Seamful design for location-based phone games

Seamful Design for Location-Based Mobile Games by Gregor Broll and Steve Benford. The article is about revealing and exploiting inevitable technical limitations in Ubiquitous Computing technology rather than hiding them. Relying ont their experiment about the game called 'Bill' (see here to get more information about it). To meet this end, they develop their own "seamful trading-game" called “Tycoon”:

Tycoon is a location-based multiplayer trading game with a simple producer-consumer-cycle that uses the different GSM-cells of a service provider network within a designated gaming-area, e. g. the centre of a city. Each of these cells in the physical area is virtually mapped to either a producer or a consumer in the game. Tycoon uses the metaphor of a wild west scenario to communicate its central mechanisms of collecting resources from producers which are called “mines” and using them to buy objects from consumers which are called “brokers” and have the names of cities or counties in California. These cells are called “brokers” because they sell objects in their areas in exchange for collected resources. While playing the game, players are travelling between the cells in the gaming-area, collect local resources in mines, use them to buy global objects from brokers and get credits for claiming them. (...) players start Tycoon by having to explore the gaming-area and discover mines, brokers and their locations by themselves. That way the players can gather their own knowledge about the gaming-area, where to find resources and where to claim objects.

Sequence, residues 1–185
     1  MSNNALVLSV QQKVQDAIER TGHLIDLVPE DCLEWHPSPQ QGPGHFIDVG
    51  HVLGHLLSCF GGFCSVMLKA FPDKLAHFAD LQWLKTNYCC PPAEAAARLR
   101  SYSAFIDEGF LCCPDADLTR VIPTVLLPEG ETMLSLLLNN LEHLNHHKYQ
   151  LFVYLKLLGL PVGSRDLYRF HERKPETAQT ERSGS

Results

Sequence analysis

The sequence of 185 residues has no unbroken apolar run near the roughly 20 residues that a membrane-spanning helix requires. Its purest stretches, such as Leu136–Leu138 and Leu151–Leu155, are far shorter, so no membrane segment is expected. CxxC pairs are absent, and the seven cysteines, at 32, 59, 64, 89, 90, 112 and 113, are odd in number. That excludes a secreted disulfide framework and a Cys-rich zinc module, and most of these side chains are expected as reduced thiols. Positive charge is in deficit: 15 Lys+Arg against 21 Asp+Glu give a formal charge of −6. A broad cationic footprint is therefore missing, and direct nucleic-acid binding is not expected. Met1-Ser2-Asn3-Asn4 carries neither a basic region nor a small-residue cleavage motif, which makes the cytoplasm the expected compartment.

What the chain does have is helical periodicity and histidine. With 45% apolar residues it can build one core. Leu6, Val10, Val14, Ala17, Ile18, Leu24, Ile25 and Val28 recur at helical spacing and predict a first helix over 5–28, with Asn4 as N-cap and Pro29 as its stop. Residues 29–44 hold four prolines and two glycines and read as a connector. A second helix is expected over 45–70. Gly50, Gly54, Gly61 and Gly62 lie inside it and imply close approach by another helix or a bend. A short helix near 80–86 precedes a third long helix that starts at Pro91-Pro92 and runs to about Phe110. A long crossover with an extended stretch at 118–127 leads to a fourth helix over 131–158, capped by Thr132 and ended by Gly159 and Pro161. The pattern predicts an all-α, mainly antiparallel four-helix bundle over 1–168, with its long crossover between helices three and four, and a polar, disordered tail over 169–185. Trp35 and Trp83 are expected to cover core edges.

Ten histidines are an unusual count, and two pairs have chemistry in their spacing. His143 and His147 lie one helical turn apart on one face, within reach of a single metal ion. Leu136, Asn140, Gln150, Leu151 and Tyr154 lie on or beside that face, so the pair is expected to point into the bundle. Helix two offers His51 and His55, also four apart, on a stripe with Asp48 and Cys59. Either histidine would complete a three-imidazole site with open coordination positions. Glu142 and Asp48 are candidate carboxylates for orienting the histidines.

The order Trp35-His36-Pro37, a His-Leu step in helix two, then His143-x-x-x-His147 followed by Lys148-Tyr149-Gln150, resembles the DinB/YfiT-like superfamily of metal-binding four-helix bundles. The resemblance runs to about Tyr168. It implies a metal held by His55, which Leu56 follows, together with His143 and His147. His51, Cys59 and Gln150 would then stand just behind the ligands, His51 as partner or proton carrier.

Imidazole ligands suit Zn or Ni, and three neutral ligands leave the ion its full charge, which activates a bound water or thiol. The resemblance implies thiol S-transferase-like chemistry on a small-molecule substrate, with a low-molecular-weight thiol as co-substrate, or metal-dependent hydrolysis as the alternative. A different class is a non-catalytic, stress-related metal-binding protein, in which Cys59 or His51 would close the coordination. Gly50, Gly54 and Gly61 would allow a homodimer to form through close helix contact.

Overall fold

Why do I blog this The pertinent point here is the discussion about understanding seams in mobile phone applications. The authors introduces general ideas and apply them to the design of location-aware games for mobile phones. This sort of stuff is of direct interest for some 4th place admirer in Barcelona

Usually mobile phone users are unaware of their current cell when using their phones, since the handover between different cells is handled seamlessly. (...) The invisible handover between cells is handled seamlessly so that users don’t get any information about their current cell and don’t have to worry about their position, dynamic cell coverage and propagation or flipping cells. While seamless design usually hides this information, we would like to present it to players and make them aware of this information so that they can take advantage of it during the game and use it as a valuable resource. In a location-based mobile game players are dependent on knowing where they are and dynamic boundaries and propagation of cells may raise interesting design-issues concerning the influence of positions and relations between GSM-cells on the behaviour of the users during the game.

There is a lot more to grasp in this paper for people interested in how interaction designers focused on cell phones/LBS could take advantage of seams.

The picture below depicts coverage and propagation of GSM-cells in an area of London based on samples of cell-ids and their GPS-positions. Their coverage is depending on many factors, cells’ boundaries and propagation are rather dynamic and fluctuating and it shows, cell-coverage has irregular shapes and adjoining cells often overlap and don’t share exact borders. Seamful design is a matter of showing this to the users, using is as a resource for the task to be performed (extracted from the paper):